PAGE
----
Random thoughts on my questions about media and Asian culture representation: 
I started to have real questions about how Asians view relationships and wondered if the media was a reflection of that or not, or if the media was actually affecting how Asians view relationships.  For instance, if you watch a drama and two people are 'soulmates'  in that they are close friends and can communicate with each other and discuss important and personal things, then they will never, ever end up together.  However, in my own life, I feel a lot of people around me who are seeking for a 'soulmate'.  Honestly, I think I might be too.  So I wonder, do Asians believe that marrying a 'soulmate' will lead to a safe and secure but stale and loveless marriage?  What qualities are people really looking for?  Are they distinctly different by culture?  

Tuesday, April 26, 2011

Through a Glass, Darkly

There are two men outside my office window, painting it white.  We are literally only a foot apart.  Here I am, in my office, on my computer, reading an article on Planar Laser Induced Fluorescence.  There they are, precariously perched on the pressurized gas tanks, scraping away flaking paint.  If it wasn't for the window, I could reach out and touch them.  If it wasn't for the window, we would feel obligated to talk to each other, strangers thrown into such close quarters.  However, one single pane of glass delineates the world outside from the world within.  They concentrate on their work and I concentrate on mine.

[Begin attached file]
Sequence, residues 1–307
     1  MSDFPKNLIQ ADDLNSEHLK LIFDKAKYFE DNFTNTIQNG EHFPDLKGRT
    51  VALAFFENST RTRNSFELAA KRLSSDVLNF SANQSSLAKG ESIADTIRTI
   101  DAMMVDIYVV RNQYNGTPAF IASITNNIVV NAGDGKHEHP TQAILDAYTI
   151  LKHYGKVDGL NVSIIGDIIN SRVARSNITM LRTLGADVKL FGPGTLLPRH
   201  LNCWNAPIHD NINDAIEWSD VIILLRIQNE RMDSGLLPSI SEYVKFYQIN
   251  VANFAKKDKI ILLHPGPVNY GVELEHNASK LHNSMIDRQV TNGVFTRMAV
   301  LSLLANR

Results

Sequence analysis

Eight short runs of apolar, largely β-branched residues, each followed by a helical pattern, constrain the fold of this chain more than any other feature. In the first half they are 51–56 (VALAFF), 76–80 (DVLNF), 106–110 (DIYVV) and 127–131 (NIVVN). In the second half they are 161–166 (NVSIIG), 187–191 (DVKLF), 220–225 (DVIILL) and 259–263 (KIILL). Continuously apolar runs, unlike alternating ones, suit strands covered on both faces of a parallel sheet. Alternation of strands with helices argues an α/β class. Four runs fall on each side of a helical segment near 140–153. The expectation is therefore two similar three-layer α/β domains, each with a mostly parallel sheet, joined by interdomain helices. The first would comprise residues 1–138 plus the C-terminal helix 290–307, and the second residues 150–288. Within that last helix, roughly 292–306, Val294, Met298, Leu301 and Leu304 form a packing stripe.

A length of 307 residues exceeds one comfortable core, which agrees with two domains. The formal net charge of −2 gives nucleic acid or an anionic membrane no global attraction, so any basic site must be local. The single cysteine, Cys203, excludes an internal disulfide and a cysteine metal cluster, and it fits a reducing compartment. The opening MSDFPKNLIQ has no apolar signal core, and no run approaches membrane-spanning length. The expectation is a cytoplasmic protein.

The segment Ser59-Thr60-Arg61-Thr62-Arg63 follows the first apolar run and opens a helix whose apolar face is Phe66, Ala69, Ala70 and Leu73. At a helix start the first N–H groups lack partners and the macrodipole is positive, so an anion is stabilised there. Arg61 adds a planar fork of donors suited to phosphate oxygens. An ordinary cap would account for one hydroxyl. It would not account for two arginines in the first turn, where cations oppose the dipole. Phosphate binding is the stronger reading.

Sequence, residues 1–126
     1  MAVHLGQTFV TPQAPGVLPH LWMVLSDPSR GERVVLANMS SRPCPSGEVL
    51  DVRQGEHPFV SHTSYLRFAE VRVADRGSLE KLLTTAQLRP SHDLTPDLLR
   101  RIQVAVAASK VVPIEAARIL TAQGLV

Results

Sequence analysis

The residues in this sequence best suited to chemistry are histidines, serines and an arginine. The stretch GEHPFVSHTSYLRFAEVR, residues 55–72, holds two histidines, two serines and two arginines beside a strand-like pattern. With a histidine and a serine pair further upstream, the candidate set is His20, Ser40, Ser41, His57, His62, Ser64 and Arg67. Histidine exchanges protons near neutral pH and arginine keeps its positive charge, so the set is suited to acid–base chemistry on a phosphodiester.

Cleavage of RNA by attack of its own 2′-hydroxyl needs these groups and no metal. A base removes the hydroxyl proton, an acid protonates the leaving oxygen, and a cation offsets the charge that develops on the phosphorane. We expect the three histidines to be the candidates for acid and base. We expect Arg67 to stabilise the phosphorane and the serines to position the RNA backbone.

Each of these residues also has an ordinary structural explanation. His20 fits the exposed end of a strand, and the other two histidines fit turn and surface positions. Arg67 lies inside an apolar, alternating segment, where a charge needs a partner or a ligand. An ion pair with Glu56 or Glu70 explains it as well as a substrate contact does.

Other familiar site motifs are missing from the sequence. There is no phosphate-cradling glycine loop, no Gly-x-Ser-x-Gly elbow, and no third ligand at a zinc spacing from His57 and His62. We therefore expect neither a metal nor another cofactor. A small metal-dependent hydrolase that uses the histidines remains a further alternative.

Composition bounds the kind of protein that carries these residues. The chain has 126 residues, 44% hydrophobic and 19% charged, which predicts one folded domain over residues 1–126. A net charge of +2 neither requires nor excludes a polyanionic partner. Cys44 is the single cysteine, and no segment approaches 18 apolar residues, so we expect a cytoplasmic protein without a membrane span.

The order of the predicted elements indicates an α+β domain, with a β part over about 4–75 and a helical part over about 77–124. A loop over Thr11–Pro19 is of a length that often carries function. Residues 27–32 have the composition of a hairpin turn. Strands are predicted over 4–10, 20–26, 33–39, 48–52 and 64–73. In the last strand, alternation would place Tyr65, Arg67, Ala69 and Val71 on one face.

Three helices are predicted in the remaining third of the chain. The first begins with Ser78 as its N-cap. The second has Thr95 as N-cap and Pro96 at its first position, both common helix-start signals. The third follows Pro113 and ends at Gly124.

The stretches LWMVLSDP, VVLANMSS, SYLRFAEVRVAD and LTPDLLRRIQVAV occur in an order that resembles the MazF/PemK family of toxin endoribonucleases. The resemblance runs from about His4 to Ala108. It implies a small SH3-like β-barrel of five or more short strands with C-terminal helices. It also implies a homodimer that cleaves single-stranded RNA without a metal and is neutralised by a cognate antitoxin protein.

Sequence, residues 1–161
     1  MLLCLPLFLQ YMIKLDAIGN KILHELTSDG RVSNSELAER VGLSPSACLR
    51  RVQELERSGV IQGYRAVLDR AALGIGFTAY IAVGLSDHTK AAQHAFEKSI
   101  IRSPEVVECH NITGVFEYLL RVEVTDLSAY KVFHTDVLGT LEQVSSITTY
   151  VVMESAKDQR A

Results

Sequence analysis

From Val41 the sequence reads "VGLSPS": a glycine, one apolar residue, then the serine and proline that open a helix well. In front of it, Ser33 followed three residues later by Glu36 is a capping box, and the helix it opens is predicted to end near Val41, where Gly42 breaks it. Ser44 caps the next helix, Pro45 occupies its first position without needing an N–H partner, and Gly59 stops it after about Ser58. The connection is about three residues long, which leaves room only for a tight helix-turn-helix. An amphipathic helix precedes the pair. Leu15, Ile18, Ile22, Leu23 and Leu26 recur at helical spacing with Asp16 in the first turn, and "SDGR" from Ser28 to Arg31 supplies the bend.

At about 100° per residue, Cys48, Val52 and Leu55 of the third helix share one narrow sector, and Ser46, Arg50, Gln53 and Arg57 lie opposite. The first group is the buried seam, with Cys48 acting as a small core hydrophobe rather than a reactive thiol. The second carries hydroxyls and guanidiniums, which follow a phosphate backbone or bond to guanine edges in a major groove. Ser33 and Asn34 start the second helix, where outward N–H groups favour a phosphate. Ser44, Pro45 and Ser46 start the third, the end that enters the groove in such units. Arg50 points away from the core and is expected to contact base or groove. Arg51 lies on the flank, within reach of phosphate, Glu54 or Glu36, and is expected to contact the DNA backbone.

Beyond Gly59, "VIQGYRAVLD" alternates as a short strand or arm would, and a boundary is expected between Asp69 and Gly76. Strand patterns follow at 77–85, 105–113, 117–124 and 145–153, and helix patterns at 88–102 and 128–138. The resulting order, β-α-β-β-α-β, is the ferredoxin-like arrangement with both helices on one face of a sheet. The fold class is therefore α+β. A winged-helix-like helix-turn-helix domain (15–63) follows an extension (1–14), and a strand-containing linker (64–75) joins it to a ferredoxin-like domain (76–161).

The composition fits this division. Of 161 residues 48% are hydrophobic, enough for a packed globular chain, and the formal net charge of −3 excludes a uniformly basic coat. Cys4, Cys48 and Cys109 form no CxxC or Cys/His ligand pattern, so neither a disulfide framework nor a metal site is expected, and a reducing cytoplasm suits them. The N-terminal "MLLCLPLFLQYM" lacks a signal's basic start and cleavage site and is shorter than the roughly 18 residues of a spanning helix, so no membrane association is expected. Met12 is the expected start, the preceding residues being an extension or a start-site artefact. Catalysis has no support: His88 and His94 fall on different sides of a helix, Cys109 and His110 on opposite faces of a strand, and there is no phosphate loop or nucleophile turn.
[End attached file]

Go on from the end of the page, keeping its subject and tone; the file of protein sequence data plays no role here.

Looking through that window, I see the beautiful bright spring green trees.  I hear the sound of them talking quietly, comfortably, to each other in their work.  I can imagine how the spring humid air feels and I wish, wish, wish I could be outside.  I suddenly long to spend a day painting windows.

One of them gives me a smile.  I smile back.

Perhaps this window, which prevented us from spoken communication, allowed us to get a glimpse of another life, another world.

The men move on from their work, taking their ladders and their paint brushes and buckets with them.  I finish reading the article and move on to other things.

And though nothing is really quite different, nothing is really quite the same.

1 Corinthians 13:12 "For now we see through a glassdarkly; but then face to face: now I know in part; but then shall I know even as also I am known."

Thursday, April 21, 2011

Baby, baby

This is my niece:
Isn't she adorable?  Yes, I know.  She really is the cutest thing.  And thanks to her, we can't go anywhere without her getting a lot of attention and comments and wonderful kind people willing to help with anything.  We get free parking, free advice about putting her into baby modeling, and plenty of free compliments.